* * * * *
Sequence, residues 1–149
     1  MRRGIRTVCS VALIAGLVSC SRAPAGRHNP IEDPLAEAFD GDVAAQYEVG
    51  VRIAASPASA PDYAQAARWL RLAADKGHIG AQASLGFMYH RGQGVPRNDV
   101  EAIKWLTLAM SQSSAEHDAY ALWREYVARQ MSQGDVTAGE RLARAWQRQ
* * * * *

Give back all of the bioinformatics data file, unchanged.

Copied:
Sequence, residues 1–149
     1  MRRGIRTVCS VALIAGLVSC SRAPAGRHNP IEDPLAEAFD GDVAAQYEVG
    51  VRIAASPASA PDYAQAARWL RLAADKGHIG AQASLGFMYH RGQGVPRNDV
   101  EAIKWLTLAM SQSSAEHDAY ALWREYVARQ MSQGDVTAGE RLARAWQRQ